War of the Black Heavens: The Battles of Western Broadcasting in the Cold War

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Syracuse University Press, 1997 - History - 277 pages
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International diplomacy and a changing global economy did not bring about the fall of the Iron Curtain. Radio did, and it was mightier than the sword. Based on first-hand interviews and documents from the Central Committee of the Soviet Communist Party, Michael Nelson shows that Western radio -- principally, the British Broadcasting Corporation, Radio Free Europe, Radio Liberty, and the Voice of America -- were unrivaled forces in the fight against communism and the fall of the Iron Curtain. It was a propaganda war in which the Communists had few radio listeners in the West. They did everything in their power to prevent the infiltration of Western thought into their world, resorting to jamming radio signals, assassinating staff, and bombing stations. The Russians decided to stop the mass production of short-wave radios so that their citizens could not hear Western broadcasts. War of the Black Heavens reveals that, due to administrative incompetence, short-wave radio production continued, making worthless many of the billions of dollars spent on jamming. These radio programs introduced a forbidden, exciting culture to millions of eager listeners. Pop music, talk shows, news, and information about consumer goods all relayed a message of the good life, subtly undermining the values of the communist regimes. Western radio presented the concept of a civil society that upheld basic human values; it actively connected listeners with the cultures of Europe and North America War of the Black Heavens describes an unheralded story of success and adds a new interpretation that helps us understand some of the most momentous political events of this century.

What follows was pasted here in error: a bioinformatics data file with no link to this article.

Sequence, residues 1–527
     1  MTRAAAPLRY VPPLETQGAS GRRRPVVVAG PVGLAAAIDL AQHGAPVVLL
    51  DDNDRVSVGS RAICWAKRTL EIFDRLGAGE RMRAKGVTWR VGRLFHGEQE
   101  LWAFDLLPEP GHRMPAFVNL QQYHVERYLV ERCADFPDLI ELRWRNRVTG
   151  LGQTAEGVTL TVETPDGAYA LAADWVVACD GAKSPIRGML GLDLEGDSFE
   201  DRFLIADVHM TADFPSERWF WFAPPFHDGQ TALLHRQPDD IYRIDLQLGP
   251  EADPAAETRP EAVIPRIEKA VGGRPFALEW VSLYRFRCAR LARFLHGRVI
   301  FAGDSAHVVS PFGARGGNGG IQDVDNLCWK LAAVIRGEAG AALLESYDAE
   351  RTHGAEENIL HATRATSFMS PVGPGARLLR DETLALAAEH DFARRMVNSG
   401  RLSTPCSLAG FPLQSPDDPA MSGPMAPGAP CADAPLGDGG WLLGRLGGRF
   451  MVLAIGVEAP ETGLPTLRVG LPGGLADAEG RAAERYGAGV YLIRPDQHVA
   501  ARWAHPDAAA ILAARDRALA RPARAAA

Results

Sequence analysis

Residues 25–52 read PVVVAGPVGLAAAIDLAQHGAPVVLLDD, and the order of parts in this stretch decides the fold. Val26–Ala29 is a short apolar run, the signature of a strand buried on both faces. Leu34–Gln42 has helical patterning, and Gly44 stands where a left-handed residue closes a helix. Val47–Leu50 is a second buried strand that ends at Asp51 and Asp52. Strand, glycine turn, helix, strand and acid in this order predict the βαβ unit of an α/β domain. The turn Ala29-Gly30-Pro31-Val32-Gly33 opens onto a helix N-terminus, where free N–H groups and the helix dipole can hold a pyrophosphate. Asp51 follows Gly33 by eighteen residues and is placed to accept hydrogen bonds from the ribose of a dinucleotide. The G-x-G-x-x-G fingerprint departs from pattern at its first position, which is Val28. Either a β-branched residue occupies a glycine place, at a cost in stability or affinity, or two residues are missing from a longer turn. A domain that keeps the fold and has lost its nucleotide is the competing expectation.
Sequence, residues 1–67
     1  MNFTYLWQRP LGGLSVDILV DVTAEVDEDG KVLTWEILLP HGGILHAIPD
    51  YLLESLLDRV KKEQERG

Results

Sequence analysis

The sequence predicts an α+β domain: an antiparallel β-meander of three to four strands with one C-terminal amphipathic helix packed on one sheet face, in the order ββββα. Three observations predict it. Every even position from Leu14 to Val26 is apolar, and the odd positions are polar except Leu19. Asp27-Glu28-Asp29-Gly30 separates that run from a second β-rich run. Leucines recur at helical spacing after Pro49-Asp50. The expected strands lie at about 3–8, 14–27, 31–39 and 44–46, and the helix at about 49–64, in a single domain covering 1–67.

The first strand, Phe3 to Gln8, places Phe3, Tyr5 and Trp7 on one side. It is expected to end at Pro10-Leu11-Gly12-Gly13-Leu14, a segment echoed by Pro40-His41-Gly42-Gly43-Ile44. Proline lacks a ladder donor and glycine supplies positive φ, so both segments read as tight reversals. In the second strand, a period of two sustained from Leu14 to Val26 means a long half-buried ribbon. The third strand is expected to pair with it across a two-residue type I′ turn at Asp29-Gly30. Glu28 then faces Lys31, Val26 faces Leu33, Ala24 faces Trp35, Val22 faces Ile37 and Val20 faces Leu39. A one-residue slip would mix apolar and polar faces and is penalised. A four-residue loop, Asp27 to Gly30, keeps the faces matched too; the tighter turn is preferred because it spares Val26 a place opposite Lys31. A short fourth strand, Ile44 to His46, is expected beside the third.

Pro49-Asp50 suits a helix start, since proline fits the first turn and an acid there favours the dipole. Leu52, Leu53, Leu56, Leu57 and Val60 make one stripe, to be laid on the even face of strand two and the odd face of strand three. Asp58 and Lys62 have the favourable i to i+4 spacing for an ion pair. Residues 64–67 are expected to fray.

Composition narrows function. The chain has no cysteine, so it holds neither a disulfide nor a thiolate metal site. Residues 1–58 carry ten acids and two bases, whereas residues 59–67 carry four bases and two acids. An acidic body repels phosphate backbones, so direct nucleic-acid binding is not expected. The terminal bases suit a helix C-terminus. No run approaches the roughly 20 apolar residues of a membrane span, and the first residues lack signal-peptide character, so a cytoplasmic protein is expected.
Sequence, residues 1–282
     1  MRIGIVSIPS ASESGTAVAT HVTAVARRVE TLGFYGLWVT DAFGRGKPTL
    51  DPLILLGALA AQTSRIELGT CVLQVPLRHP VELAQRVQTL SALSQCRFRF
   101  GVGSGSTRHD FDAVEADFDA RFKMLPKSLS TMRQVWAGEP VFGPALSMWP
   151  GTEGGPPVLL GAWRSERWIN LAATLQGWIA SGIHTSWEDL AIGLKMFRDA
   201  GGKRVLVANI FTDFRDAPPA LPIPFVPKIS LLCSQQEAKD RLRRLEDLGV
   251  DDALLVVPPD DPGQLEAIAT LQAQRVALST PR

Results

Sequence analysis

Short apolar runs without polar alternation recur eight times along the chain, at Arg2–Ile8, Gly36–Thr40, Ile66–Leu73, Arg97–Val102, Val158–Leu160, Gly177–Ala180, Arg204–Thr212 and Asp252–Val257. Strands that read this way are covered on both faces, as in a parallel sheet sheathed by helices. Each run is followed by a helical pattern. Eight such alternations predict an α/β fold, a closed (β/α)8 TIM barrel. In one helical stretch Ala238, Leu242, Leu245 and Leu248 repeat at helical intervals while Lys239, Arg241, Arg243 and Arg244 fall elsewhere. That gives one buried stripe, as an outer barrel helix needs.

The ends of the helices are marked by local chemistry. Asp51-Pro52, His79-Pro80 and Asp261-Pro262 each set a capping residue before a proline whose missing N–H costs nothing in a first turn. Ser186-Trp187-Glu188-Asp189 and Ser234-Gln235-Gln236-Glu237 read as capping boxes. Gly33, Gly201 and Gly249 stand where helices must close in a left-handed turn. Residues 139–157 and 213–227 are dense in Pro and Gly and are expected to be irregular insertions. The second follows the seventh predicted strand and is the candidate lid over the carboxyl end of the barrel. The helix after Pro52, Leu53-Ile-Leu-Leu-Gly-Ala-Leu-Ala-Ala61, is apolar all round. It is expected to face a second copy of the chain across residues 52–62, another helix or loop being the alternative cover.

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Contents

PROLOGUE
1
THE START OF THE COLD WAR 19451947
10
THE BEGINNING OF THE AGE OF JAMMING
20
Copyright

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About the author (1997)

Michael Nelson is a professor of political science at Rhodes College in Memphis, Tennessee.

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